There are three types of uncertainty that cloud computing can reduce: 1. Application Scale Uncertainty
One of the greatest challenges during the early phases of creating an application is the uncertainty associated with it. Will it be successful at all? Will it grow gradually? Might it experience skyrocketing adoption?
Traditionally, the need for capital investment in kit required a forecast in a period of uncertainty. That meant that one had to make a bet before knowing what the payoff might be. Even worse, if the application is placed into production and then, some period later, experiences a very heavy load it will require an "emergency" capital investment that can disrupt subsequent capital planning. As I discussed in a recent blog post on the consumerization of IT, applications are going to experience much higher levels of load variability, exacerbating this longstanding problem. The ability to match capacity to load and pay for only what is required significantly reduces uncertainties of the application's scale, offering significant benefits from the CFO's perspective. 2. Company Uncertainty
While mergers, acquisitions and downsizings have long been a feature of the business landscape, the pace of change in this area seems to be accelerating -- a lot. All of these organizational changes disrupt many aspects of business activity, but one prime area is in IT. The number of users for an application can quickly grow or shrink based on events driven by company strategy. Trying to assess the IT impact during the post-announcement, pre-implementation period of a major corporate change is difficult.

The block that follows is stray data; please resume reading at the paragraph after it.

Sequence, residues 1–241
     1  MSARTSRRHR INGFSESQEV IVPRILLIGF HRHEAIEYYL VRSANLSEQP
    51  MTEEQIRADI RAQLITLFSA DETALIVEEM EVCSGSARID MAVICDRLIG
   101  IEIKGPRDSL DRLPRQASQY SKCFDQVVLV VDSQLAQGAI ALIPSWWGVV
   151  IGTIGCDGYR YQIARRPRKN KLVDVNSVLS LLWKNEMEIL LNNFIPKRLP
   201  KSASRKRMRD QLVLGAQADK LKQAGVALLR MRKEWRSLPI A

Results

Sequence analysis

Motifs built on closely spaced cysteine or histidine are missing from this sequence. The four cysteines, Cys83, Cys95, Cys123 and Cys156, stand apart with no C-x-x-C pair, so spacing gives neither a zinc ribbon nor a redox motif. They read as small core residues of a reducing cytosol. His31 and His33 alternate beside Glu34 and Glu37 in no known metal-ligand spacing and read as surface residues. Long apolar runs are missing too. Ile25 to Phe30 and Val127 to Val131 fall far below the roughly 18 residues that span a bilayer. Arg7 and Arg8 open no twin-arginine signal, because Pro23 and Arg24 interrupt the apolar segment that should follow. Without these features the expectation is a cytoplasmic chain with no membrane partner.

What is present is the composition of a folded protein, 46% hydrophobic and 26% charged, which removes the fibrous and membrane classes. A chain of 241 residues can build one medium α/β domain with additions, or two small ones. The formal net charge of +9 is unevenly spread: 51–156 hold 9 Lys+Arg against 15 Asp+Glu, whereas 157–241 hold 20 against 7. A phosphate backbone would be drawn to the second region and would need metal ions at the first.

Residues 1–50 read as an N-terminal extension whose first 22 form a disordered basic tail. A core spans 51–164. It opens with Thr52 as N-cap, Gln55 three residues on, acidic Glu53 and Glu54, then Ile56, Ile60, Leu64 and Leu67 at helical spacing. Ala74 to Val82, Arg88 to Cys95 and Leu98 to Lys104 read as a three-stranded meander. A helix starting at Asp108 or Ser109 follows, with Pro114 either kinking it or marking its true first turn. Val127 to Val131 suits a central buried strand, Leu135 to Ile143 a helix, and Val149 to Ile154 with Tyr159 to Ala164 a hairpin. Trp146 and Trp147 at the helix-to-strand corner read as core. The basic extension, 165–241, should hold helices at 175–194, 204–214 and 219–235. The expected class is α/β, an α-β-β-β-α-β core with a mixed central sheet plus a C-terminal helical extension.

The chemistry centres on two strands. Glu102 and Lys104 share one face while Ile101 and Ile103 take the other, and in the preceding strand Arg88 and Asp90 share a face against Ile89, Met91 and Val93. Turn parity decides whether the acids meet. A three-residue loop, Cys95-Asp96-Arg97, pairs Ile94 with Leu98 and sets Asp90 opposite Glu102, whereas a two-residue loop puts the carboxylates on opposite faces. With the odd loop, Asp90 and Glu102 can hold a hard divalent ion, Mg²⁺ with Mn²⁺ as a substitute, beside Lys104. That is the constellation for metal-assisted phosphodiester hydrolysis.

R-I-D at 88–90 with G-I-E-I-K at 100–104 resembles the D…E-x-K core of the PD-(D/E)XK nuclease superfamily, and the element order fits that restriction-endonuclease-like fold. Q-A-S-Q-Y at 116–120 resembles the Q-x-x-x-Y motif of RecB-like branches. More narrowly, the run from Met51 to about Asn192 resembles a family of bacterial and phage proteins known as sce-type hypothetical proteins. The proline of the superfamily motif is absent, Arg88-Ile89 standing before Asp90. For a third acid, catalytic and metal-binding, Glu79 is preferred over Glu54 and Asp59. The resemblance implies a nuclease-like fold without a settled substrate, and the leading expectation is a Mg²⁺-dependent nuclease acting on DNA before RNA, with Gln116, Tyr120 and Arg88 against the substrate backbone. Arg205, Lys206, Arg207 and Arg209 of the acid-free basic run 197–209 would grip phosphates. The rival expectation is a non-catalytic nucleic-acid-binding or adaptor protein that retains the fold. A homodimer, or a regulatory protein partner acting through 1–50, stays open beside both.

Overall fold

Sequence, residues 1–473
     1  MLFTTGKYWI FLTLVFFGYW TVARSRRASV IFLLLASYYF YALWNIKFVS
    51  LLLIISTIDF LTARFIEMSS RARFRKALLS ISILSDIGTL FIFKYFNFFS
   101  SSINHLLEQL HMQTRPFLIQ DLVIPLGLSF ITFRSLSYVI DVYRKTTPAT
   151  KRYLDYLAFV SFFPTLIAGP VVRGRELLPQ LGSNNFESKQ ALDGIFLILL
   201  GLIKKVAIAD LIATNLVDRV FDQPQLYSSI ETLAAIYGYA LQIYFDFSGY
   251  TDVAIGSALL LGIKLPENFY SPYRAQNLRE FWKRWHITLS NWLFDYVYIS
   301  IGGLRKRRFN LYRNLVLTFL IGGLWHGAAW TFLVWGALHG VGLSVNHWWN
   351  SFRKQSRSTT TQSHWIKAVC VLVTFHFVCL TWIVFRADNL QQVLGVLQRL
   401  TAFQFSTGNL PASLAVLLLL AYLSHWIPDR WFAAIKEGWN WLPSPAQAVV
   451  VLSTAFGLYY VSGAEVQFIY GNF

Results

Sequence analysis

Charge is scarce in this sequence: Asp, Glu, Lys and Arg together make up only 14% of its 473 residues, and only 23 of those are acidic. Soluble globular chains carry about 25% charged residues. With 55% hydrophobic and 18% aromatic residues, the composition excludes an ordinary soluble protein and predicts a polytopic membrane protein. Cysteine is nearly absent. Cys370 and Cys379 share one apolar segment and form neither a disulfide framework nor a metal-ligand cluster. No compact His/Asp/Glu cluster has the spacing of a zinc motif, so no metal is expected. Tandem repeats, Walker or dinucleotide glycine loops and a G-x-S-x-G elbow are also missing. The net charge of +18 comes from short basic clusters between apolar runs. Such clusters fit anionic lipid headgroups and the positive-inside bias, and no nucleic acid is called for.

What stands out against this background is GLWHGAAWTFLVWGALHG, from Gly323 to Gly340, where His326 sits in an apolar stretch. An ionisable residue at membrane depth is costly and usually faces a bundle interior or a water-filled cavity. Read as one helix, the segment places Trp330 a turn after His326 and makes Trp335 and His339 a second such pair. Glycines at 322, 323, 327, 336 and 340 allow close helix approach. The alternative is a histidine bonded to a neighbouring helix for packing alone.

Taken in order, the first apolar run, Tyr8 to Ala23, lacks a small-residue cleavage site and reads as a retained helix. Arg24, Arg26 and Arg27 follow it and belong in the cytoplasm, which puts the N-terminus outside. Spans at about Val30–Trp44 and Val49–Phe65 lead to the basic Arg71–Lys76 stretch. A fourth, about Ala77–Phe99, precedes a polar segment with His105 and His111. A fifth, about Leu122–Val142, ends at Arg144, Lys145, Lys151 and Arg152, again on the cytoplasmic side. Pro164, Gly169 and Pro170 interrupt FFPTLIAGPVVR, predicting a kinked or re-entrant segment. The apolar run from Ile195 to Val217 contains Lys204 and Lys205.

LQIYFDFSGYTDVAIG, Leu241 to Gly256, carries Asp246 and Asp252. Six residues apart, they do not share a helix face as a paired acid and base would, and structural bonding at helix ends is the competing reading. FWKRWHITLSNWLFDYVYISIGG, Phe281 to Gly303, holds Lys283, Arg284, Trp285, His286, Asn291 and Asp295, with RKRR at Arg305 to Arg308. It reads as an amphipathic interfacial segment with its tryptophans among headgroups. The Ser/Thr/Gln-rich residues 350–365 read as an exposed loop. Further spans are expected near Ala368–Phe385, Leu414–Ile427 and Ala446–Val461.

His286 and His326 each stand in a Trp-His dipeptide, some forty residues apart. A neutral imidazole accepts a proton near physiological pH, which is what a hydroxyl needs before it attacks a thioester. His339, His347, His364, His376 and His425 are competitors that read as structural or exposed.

From the perspective of a CFO, the uncertainty associated with corporate maneuverings is large. Being able to respond to corporate changes without having to address computing infrastructure reduces the challenges of company uncertainty. It seems likely that the flexibility offered by pay-as-you-go will outweigh the uncertainty of fluid monthly fees. 3. Economic Uncertainty
Looming over all other types of uncertainty is that of the overall economy. Who can confidently predict what the economic situation for any country will be in 12 months' time? If you're a CFO, knowing that the storm tides of the global economy may crash upon your company is disquieting, to say the least. Making capital investment decisions in such an environment is extremely risky.
It's easy to see the result of what happens when capital investment decisions are made in a period of economic uncertainty. The total level of investment plummets. Since the onset of the financial crisis in 2008, corporate profits are up, but private-sector investment is significantly lower.
Taking advantage of the on-demand model of cloud computing would make the risk of IT decisions during such a period much lower, and foster increased use of IT. In fact, one could argue that, given such a troubling economic climate, companies might launch more IT projects due to the need to find new areas of growth and innovation.
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